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Happiness in the New Year :: Advice from the Dalai Lama


music by Andy O

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Push play, and let the music literally or metaphorically move you while you contemplate the next year of your life.

How do you envision the upcoming year? How do you want it to pan out? As you consider it all, I suggest first taking the time to acknowledge the events of the past 12 months and using your experience as the basis of your plans for 2011.

The Dalai Lama writes that happiness is attainable via changes that are actually fairly straightforward. The following is a summary of his approach, adapted from this source.

In Buddhism causality is accepted as natural law. Therefore, if there are certain types of events that you do not desire, then the best way of safeguarding against those events taking place is to make sure that the causal conditions that normally give rise to those events don’t arise. Similarly, if there’s an event that you would like to take place, then you should seek the causes and conditions that give rise to that event.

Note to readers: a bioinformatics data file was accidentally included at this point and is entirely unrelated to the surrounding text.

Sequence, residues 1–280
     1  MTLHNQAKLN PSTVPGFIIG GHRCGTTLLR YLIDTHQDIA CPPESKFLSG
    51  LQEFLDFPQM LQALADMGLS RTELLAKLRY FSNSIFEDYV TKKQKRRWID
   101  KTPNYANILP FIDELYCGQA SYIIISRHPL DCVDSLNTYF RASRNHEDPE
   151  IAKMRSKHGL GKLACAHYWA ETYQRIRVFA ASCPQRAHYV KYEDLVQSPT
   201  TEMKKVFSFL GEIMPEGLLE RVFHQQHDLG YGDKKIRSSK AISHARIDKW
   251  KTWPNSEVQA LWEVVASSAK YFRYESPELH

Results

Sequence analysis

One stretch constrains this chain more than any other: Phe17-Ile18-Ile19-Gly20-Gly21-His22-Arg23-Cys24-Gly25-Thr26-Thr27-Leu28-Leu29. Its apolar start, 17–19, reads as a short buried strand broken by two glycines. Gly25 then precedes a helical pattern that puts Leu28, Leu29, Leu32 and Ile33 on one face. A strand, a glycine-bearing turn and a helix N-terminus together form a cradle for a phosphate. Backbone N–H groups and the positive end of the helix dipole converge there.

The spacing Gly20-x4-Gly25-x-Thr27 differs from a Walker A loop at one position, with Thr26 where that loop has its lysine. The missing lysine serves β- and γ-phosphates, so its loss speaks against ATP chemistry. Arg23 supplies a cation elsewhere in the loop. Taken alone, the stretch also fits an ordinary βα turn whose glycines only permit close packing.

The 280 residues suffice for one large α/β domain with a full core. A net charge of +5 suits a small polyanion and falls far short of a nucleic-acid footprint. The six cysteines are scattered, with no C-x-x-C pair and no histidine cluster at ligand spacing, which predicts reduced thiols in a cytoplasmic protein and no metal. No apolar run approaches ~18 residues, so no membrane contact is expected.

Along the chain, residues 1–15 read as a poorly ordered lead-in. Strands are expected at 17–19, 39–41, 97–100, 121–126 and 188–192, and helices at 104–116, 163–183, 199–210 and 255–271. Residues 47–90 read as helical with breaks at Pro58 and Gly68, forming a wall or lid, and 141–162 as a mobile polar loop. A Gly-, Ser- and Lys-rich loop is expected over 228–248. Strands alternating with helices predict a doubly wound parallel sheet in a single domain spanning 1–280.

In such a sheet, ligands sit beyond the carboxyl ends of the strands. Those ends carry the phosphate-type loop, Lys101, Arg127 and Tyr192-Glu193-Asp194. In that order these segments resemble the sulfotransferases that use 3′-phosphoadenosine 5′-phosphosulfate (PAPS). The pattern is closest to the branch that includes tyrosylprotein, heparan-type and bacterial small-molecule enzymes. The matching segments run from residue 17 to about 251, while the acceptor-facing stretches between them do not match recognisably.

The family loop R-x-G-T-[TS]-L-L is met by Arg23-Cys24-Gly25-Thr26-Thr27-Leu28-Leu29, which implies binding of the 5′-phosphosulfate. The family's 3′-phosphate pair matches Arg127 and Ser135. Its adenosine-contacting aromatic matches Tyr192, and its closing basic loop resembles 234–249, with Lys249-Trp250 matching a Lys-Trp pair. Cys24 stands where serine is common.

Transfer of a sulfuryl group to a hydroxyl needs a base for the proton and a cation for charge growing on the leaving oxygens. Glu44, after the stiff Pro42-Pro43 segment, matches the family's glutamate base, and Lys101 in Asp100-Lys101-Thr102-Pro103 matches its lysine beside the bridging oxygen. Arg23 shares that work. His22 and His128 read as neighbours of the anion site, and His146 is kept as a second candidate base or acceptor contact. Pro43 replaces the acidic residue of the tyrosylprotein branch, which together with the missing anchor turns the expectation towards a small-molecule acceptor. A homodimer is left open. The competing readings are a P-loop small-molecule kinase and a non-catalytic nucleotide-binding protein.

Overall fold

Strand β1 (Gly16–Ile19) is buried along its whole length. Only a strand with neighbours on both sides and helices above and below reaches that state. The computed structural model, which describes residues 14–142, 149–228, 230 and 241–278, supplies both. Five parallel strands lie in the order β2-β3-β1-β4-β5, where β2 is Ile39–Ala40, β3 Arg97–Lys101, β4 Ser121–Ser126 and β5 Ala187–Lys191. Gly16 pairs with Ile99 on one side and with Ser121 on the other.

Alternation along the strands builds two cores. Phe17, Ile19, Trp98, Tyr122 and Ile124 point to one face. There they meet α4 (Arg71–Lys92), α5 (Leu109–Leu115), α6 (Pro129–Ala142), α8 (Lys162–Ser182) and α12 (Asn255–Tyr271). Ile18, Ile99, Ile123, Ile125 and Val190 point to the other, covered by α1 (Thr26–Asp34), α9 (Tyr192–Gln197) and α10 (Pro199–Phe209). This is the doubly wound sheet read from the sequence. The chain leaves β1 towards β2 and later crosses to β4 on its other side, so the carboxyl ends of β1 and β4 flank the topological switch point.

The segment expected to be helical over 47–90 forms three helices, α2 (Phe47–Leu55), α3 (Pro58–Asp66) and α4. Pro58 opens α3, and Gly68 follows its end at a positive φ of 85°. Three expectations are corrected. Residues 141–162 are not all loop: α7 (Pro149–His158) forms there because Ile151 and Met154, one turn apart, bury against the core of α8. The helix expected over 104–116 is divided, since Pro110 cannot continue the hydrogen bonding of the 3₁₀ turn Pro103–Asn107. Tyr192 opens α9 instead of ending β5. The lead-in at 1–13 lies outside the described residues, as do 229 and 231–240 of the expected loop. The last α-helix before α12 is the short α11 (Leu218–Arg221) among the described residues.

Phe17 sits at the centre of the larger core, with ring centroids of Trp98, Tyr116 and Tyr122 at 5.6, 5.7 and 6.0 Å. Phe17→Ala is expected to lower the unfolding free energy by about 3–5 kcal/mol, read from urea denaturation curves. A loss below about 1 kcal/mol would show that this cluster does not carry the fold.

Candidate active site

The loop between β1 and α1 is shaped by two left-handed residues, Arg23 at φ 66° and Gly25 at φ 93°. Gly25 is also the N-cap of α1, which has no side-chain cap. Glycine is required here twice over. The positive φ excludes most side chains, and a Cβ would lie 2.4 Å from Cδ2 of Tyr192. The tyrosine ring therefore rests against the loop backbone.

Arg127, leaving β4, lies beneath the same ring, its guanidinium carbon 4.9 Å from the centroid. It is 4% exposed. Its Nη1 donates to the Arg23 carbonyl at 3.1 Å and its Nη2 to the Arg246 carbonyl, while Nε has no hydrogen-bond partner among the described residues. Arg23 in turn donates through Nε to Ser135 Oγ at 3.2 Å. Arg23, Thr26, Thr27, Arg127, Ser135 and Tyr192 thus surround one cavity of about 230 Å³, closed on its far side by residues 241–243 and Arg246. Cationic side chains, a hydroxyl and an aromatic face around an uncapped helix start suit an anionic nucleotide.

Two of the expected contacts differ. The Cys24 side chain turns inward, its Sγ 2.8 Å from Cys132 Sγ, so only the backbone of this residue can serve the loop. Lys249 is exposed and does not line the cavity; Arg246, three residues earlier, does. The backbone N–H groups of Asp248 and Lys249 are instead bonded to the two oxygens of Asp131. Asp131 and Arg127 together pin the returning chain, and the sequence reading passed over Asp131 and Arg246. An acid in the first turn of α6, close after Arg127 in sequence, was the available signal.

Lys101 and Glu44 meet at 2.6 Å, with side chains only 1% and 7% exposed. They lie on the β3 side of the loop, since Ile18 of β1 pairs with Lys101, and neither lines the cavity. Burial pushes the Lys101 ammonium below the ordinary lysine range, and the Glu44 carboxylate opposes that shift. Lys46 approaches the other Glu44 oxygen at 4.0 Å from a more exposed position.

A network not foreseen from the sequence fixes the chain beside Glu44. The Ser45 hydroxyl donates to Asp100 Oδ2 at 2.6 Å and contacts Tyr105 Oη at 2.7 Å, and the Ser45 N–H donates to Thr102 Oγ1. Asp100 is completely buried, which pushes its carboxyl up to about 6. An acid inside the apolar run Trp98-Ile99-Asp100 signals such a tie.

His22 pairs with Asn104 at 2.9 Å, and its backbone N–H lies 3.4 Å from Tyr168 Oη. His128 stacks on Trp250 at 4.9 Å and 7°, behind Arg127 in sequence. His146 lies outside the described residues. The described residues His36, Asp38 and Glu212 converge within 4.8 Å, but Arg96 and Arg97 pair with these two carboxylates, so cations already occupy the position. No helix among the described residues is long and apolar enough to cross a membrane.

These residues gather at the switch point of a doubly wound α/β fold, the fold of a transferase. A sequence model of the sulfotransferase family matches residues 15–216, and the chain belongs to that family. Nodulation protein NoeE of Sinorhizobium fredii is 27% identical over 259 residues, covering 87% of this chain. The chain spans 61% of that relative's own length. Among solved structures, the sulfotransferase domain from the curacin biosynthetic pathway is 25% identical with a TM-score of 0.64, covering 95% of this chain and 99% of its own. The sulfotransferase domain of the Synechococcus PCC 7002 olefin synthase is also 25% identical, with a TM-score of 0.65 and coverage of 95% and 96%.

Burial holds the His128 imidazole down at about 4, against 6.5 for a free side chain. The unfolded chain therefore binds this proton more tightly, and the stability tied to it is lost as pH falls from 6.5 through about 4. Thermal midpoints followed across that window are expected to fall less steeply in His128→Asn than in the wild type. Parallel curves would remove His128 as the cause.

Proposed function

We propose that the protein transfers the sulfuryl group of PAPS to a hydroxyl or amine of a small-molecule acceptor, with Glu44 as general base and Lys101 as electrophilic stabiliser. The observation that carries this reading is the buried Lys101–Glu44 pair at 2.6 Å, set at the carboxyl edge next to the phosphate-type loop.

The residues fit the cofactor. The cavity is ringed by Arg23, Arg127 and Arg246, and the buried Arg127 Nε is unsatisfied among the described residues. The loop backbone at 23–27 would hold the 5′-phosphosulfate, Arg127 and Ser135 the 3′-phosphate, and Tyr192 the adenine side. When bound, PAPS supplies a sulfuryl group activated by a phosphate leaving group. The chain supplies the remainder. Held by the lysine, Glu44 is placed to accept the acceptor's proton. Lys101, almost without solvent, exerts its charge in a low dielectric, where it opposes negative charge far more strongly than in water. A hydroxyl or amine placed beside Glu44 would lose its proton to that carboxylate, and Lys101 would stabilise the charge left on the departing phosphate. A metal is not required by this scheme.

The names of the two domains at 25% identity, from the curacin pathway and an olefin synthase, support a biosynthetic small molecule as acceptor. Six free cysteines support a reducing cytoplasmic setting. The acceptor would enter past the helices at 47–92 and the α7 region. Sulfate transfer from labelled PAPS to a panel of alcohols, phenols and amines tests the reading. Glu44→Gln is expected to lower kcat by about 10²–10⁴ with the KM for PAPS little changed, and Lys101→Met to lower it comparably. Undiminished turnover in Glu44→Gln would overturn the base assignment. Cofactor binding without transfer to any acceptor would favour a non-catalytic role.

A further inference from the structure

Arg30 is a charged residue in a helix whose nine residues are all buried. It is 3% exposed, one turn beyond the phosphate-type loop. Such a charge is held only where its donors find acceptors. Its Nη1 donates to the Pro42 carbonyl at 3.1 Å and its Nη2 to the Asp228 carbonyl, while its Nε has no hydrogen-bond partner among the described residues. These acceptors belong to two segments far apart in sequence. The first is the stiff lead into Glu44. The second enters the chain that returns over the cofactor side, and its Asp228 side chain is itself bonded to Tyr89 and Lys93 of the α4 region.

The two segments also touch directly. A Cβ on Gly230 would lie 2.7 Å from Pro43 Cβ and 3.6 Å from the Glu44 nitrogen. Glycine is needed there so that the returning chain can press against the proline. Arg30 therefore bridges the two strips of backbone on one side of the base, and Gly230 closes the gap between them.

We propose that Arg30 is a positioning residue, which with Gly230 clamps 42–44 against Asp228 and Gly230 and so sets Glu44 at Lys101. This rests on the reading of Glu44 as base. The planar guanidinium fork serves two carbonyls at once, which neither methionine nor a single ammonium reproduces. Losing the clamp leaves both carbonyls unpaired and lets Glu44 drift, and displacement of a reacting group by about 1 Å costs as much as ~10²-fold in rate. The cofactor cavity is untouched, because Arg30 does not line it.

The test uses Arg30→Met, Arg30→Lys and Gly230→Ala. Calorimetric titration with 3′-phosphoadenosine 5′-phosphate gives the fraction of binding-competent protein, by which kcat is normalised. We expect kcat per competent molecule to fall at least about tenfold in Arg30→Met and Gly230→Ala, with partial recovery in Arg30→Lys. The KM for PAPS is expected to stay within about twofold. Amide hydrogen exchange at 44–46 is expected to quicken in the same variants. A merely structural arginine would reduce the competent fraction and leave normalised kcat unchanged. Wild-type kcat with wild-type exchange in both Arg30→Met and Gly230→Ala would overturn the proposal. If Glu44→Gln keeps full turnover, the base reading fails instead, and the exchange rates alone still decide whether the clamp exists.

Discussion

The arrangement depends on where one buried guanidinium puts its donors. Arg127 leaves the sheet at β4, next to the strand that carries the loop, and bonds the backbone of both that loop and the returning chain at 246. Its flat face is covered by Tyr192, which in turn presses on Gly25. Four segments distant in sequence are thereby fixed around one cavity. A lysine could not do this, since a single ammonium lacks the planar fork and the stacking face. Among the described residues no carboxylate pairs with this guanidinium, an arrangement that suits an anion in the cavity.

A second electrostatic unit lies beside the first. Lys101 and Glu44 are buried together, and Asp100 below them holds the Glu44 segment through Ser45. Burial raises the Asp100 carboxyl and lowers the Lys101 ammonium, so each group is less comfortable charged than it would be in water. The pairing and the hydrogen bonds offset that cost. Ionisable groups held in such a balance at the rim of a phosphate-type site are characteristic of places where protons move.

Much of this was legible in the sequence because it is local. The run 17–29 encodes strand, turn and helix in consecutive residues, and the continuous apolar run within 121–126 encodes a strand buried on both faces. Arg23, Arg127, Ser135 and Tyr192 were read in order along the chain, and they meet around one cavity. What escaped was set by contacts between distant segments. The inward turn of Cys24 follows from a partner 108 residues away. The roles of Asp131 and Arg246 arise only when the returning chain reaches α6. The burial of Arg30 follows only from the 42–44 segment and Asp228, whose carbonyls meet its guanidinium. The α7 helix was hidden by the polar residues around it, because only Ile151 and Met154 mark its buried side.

This same principle of causality can be applied to your mental states. If you desire happiness, you should identify those factors which lead to happiness and those factors which lead to suffering. Having done this, you can gradually eliminate those factors which lead to suffering from your life and cultivate those which lead to happiness. That is, one achieves happiness through learning which mental states to cultivate and which to eliminate, and then making a sustained effort to implement this knowledge.

Positive states of mind can act as direct antidotes to negative states of mind.

Working on our mental outlook is a more effective means of achieving happiness than seeking it through external sources, such as wealth or position. This approach of focusing on your mental outlook places the secret to happiness within your own hands, instead of leaving it at the mercy of external factors, most of which are not within your control.

The Dalai Lama summarizes his point as follows: “As long as there is a lack of the inner discipline that brings calmness of mind, no matter what external facilities or conditions you have, they will never give you the feeling of joy and happiness that you are seeking. On the other hand, if you possess this inner quality, a calmness of mind, a degree of stability within, then even if you lack various external facilities that you would normally consider necessary for happiness, it is still possible to live a happy and joyful life.”

Happy New Year from TOE.

December 31, 2010 1:13 pm

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